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Author Russo, D., Ancillotto, L., Cistrone, L., Libralato, N., Domer, A., Cohen, S., Korine, C. url  doi
openurl 
  Title (up) Effects of artificial illumination on drinking bats: a field test in forest and desert habitats Type Journal Article
  Year 2018 Publication Animal Conservation Abbreviated Journal  
  Volume In press Issue Pages  
  Keywords Animals  
  Abstract Bats show pronounced and often‐adverse reactions to artificial illumination at night (ALAN) when commuting, roosting or foraging. ALAN also affects bat drinking activity, at least when lighting occurs over short intervals. We tested whether continuous illumination of drinking sites over 4‐h periods would lead bats to tolerate ALAN and resume drinking in the course of the night. We conducted our experiments in forest (Italy) and desert (Israel) sites to test whether in the latter habitat, where water is scarce, a greater motivation to drink might lead to less adverse bat reactions. We recorded 6853 drinking buzzes and 1647 feeding buzzes from 17 species and one species group. In the forest sites, species that hunt in open spaces or along forest edges showed little (P. pipistrellus and H. savii) or no (P. kuhlii and N. leisleri) drinking activity decrease, while those associated with forest interiors (Barbastella barbastellus, Plecotus auritus and bats in the genus Myotis) exhibited a strong negative response. In the desert sites, all studied species reduced drinking activity, yet in the desert populations of P. kuhlii we recorded stronger adverse reactions only far from human settlements. The harsh reactions that the desert bat species showed towards ALAN rule out any effect of a greater motivation to drink. Illumination had no effect on foraging by most species, except in the forest sites, where Pipistrellus kuhlii and Nyctalus leisleri increased foraging when the light was on, and in the desert sites, where Hypsugo bodenheimeri decreased foraging in such situations. The progressive human encroachment that is taking place in many world regions on both forests and especially deserts, where few sites for drinking are available, may jeopardize bat populations also through increased exposure to ALAN.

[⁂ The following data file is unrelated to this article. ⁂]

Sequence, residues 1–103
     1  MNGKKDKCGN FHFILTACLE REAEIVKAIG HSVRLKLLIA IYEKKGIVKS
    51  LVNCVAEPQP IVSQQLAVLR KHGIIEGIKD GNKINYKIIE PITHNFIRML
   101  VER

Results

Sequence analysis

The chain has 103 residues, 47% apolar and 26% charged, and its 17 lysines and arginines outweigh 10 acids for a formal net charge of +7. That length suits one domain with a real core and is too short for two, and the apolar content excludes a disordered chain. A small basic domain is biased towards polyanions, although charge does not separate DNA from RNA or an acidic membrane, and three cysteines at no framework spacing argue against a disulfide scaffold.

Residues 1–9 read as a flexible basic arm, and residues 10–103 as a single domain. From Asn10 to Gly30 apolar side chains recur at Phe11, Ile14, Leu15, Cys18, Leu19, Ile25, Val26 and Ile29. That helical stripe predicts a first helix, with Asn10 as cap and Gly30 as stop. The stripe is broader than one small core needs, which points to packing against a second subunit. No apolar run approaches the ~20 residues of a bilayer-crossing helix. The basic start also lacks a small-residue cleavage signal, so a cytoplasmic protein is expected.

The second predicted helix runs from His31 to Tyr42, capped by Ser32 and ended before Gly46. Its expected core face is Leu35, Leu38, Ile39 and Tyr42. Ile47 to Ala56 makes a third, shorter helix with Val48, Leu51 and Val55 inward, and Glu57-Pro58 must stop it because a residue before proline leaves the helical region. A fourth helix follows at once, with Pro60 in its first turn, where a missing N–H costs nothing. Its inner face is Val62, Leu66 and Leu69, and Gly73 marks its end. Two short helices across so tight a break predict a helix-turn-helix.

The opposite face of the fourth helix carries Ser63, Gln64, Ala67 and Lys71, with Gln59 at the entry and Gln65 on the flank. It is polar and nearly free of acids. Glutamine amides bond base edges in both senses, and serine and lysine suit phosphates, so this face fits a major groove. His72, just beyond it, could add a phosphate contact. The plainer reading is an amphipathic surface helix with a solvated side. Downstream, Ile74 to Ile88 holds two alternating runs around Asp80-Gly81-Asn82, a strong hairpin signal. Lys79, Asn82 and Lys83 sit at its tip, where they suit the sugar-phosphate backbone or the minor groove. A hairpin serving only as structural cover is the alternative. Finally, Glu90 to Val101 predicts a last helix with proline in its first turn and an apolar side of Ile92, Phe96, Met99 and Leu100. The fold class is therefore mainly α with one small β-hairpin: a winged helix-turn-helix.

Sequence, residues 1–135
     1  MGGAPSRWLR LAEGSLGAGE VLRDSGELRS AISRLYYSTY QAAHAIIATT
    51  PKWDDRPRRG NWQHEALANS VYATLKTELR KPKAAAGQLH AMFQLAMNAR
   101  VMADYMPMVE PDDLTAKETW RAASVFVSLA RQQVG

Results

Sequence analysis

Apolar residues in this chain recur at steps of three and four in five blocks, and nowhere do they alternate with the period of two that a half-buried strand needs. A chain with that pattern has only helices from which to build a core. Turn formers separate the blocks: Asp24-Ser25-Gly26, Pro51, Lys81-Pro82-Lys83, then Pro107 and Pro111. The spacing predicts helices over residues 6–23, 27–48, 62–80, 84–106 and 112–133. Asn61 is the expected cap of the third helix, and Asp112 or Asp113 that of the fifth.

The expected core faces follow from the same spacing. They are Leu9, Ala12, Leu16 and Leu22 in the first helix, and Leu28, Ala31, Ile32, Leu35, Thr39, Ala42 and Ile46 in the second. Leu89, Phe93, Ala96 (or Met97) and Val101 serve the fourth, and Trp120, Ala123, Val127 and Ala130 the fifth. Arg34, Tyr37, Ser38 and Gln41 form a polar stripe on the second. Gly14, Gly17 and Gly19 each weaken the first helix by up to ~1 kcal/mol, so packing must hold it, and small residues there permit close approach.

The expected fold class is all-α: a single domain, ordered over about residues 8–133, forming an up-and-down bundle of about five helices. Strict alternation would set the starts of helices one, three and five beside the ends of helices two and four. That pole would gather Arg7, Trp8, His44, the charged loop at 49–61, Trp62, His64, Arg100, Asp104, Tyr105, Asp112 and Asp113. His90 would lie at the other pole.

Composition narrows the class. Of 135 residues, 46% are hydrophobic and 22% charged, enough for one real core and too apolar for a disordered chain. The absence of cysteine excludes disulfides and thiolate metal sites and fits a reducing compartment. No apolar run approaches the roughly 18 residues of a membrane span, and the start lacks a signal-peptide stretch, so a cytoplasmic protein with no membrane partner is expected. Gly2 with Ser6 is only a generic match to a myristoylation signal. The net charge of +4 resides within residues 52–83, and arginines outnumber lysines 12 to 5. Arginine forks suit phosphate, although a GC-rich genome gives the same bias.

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  Notes Approved no  
  Call Number NC @ ehyde3 @ Serial 2075  
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Author Studer, P.; Brucker, J.M.; Haag, C.; Van Doren, J.; Moll, G.H.; Heinrich, H.; Kratz, O. url  doi
openurl 
  Title (up) Effects of blue- and red-enriched light on attention and sleep in typically developing adolescents Type Journal Article
  Year 2018 Publication Physiology & Behavior Abbreviated Journal Physiol Behav  
  Volume 199 Issue Pages 11-19  
  Keywords Human Health  
  Abstract Differential effects of blue- and red-enriched light on attention and sleep have been primarily described in adults. In our cross-over study in typically developing adolescents (11-17years old), we found attention enhancing effects of blue- compared to red-enriched light in the morning (high intensity of ca. 1000lx, short duration: <1h) in two of three attention tasks: e.g. better performance in math tests and reduced reaction time variability in a computerized attention test. In our pilot study, actigraphy measures of sleep indicated slight benefits for red- compared to blue-enriched light in the evening: tendencies toward a lower number of phases with movement activity after sleep onset in the complete sample and shorter sleep onset latency in a subgroup with later evening exposure times. These findings point to the relevance of light concepts regarding attention and sleep in typically developing adolescents. Such concepts should be developed and tested further in attention demanding contexts (at school) and for therapeutic purposes in adolescents with impaired attention or impaired circadian rhythms.